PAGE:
In our tests, we found no color fringing–which means a lot to macro shooters. Hooray!
- Good image quality up to a certain point. In fact, it’s really good and then falls off very hard.
- Macro capabilities
- It’s kind of a jack of all trades and master of none.
The Sony 90mm f2.8 G Macro OSS is a nice lens for portraiture, and that’s really probably all you should use it for unless you’re shooting macro images and focus stacking. Beyond f8, the image quality starts to really fall apart harder than offerings from other companies. If you’re a macro shooter, you’d want great saturation to the images and the results from your lenses, but if you’re a portrait shooter, you want a bit less saturation. Sony did a good job with the balance, but for what it’s worth I personally like the latest Tamron offering the most.
In terms of construction, this lens feels great in the hand and the switches and focusing ring push/pull mechanism are great additions. We’re happy that Sony is bringing this to their lenses.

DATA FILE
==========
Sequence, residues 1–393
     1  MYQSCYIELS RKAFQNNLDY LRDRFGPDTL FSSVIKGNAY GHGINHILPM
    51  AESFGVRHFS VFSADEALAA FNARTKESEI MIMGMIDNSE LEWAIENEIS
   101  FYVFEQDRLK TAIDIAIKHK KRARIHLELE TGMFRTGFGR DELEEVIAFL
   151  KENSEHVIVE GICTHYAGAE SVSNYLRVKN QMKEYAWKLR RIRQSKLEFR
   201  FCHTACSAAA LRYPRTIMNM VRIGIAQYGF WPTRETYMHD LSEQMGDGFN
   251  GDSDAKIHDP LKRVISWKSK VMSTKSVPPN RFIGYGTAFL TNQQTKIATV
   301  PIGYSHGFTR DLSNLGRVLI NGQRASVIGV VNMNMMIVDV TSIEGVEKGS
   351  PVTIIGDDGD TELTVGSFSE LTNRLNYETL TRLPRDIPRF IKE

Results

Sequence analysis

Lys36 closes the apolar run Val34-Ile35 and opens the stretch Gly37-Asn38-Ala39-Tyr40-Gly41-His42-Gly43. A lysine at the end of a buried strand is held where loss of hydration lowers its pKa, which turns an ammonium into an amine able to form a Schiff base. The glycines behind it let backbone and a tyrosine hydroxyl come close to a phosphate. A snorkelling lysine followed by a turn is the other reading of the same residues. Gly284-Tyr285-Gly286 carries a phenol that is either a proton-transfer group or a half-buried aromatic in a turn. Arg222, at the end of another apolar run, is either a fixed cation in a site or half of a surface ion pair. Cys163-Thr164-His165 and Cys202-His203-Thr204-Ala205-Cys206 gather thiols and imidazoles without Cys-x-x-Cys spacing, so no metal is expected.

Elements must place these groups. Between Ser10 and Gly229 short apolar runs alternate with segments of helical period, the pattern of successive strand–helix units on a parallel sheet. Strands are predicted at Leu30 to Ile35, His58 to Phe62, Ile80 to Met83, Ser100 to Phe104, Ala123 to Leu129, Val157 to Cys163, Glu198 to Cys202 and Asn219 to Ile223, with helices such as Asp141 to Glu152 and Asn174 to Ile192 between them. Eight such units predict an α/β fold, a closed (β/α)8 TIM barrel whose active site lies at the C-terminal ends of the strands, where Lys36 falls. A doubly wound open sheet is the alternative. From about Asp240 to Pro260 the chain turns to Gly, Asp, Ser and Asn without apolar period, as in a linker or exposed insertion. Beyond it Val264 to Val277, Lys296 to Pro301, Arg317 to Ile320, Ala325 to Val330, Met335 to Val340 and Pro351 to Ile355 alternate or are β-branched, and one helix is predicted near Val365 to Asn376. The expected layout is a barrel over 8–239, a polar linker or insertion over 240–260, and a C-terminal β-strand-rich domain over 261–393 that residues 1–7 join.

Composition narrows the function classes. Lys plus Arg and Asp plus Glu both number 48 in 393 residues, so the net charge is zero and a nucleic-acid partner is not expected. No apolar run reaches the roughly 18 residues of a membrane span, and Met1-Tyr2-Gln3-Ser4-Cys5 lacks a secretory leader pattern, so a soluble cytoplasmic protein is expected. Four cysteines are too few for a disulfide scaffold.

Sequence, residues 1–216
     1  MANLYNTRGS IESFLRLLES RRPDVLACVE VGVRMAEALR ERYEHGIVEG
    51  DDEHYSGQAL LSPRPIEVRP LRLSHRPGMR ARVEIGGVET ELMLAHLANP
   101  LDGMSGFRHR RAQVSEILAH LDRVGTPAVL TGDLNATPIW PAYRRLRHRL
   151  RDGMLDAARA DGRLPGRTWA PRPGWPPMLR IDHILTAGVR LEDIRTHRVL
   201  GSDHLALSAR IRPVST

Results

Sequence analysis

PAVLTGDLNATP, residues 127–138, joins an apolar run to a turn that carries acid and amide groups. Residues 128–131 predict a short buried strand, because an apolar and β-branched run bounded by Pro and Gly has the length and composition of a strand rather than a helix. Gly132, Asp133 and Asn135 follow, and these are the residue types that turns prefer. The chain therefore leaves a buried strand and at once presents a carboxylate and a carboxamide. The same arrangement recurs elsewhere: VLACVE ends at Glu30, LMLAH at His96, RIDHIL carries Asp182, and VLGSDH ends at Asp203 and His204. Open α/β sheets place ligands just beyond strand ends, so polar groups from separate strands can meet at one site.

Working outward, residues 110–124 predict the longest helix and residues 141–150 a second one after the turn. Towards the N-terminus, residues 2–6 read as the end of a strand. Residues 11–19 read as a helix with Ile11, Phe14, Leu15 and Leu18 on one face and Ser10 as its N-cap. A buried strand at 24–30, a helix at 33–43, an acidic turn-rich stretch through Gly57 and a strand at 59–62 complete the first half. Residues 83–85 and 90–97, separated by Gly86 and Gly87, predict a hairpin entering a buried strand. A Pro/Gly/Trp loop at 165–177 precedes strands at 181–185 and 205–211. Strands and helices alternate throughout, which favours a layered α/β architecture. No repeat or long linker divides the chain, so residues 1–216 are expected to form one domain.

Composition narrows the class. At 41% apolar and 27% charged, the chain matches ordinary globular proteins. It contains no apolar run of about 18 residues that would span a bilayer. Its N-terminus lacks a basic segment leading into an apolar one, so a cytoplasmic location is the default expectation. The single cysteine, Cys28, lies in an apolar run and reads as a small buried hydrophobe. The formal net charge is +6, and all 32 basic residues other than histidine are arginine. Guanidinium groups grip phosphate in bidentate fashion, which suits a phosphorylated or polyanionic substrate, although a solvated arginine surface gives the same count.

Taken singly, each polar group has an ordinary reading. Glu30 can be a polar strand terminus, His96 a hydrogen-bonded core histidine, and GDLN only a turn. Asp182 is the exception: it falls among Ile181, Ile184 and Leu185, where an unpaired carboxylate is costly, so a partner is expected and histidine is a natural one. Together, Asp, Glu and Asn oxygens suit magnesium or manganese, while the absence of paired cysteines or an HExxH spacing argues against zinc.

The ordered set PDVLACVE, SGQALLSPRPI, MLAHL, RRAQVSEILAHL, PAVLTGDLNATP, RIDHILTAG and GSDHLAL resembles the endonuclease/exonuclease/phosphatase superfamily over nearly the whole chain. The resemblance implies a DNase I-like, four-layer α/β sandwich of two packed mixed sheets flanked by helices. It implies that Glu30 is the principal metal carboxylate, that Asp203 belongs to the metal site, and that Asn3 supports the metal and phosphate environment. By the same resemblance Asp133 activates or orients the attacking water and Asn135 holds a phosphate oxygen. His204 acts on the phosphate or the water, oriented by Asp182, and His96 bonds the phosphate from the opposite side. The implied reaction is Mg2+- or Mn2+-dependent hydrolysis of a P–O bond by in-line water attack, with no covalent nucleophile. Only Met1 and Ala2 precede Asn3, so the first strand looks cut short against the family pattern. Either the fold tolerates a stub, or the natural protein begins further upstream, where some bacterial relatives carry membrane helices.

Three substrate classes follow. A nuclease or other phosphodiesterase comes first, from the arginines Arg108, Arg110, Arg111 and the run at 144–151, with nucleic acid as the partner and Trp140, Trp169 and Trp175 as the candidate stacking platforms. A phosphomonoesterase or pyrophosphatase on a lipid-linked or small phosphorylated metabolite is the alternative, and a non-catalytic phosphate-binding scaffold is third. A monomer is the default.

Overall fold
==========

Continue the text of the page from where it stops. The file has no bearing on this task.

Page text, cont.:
Focusing performance is also strong at all points until the macro ranges start to become a thing. Then, and only then, does it really slow down. But that’s not unique to Sony, it’s something industry wide.
Overall, this isn’t a bad lens at all. But it’s not one of Sony’s strongest lenses in our eyes. Zeiss’s 85mm f1.8 Batis is better in our eyes; but that’s just our humble opinion.
We rate the Sony 90mm f2.8 Macro G OSS at four out of five stars. It’s a good lens, but there are better options out there. Want one? Check the B&H Photo listing for more.
Recommended Cameras and Accessories
Sony A7r Mk II: The highest resolution camera from Sony is really the best one to get the most from this lens.